I finished reading The Monster Show by David Skal on a recent trip to Paris. Skal’s book presents an intriguing and well researched look into the cultural history of the horror genre in America. From the early 1900s to the late 1990s, Skal examines everyone from Tod Browning to Buffy the Vampire Slayer.
This may strike you as an odd book choice, but for me, my fascination with horror film began with my mother recounting the terror of The Birds when I was 12. (Fun fact: 2 Halloweens ago, I channeled that same Tippi Hedren..) I have many vivid memories of Saturday nights after club soccer with Blue Bell chocolate ice cream and the latest movie suggestion. This highlight reel includes, but is certainly not limited to Wait Until Dark, What Lies Beneath, and Psycho. Fast forward 13 years and I’m super into American Horror Story, Guillermo del Toro, and now continuing to read books like The Monster Show as I grow the depth of my understanding. Horror films, as a genre, are not simply colored corn starch, advancing special effects, and shallow attempts at shock. People turn to horror as a coping mechanism to help them personify their conflicting feelings and fear of the unknown about the world’s current circumstances – or in short, the latest true American horror stories.
To wrap up (and further pique your interest), three super interesting things I learned from David Skal’s The Monster Show:
1. There is a movie called Cat People.
Actually, there are 2, and I had never heard of either. The particularly riveting 1942 tagline reads: “Lovely Woman… Giant Killer-Cat… The Same “Person”! It’s Super Sensational”, while the 1982 remake appears to more sharply focus on the obviously disastrous consequences of female sexual awakenings. Women enjoying sexual urges? Extremely dangerous stuff, you guys.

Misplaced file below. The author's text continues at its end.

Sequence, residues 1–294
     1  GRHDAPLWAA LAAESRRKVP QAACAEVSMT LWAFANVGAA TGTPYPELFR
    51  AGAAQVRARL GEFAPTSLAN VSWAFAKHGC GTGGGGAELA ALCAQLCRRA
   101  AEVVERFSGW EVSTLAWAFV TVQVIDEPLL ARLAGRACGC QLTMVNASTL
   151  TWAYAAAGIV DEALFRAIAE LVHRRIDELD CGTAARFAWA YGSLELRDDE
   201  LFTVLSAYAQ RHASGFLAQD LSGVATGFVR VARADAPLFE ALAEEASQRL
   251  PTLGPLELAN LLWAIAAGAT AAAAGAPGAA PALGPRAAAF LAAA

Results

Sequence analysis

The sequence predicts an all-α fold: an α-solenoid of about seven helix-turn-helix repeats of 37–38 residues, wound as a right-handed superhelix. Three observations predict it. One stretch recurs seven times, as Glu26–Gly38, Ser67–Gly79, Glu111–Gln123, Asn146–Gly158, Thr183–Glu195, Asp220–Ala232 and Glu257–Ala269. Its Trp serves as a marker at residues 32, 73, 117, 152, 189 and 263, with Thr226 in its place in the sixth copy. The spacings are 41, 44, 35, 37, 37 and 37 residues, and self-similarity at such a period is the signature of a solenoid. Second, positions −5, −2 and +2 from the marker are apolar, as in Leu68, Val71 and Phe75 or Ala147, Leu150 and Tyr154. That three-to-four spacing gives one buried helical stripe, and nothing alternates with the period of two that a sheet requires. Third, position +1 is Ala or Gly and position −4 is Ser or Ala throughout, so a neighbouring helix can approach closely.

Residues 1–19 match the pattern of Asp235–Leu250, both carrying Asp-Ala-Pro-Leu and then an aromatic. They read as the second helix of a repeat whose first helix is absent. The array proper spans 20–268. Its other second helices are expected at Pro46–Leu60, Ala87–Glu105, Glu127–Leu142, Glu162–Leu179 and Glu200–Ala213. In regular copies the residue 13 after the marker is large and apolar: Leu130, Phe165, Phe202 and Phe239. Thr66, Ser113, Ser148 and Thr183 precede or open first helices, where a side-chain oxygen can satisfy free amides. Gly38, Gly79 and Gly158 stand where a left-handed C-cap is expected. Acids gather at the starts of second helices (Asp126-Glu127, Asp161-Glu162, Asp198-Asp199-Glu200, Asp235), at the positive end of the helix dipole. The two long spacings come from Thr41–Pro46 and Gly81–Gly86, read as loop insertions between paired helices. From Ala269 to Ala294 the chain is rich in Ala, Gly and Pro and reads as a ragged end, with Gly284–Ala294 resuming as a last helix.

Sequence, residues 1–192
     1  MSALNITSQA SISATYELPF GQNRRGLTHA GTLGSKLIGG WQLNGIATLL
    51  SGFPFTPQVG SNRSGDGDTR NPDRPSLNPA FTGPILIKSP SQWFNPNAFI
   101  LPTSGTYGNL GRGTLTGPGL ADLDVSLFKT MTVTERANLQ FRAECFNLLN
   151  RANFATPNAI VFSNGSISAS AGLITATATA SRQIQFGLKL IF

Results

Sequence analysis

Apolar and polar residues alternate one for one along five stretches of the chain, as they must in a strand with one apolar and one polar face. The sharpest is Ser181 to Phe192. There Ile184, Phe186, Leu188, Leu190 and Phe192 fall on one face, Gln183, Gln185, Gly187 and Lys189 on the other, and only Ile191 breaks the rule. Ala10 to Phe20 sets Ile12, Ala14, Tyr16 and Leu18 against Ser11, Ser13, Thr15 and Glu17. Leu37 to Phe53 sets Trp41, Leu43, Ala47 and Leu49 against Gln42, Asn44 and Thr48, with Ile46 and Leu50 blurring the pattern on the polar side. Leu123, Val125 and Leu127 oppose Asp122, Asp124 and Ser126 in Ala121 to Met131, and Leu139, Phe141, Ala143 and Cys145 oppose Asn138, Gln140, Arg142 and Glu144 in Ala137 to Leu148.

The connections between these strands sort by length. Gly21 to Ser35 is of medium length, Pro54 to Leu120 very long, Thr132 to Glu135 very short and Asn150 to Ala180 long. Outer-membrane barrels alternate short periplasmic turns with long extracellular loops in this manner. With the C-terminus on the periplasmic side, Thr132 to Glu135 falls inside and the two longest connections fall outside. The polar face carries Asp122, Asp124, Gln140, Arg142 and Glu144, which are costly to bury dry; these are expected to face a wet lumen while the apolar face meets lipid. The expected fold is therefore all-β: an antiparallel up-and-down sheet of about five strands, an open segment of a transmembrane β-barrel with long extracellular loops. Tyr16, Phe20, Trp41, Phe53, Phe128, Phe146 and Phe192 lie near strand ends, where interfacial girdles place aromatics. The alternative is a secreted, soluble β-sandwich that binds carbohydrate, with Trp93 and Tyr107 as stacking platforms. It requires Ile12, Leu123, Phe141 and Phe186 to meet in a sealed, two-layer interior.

2. “Suddenly, in the sixties, the womb was the new graveyard”
This continued into the 1980s, but perhaps nowhere near as obviously as Rosemary’s Baby and The Brood. Skal cites “the sexual revolution, the Pill, thalidomide… unstable family structures… [and] the emerging abortion rights struggle” as a powerful cultural catalyst for horror’s new favorite playground. This blog post is SCREAMING at me to write itself… alas, another time, my friends.
3. Carrie was also a musical.
On Broadway. In the 80’s. Absolutely terrible. Where can I find this to watch!?
Bonus: After Paris, we traveled onto Madrid and, in what seemed like a strange, real life, full-circle moment, discovered this Erro painting at the Reina Sofia Museum. I spy quite a few Lon Chaney Jr’s down there…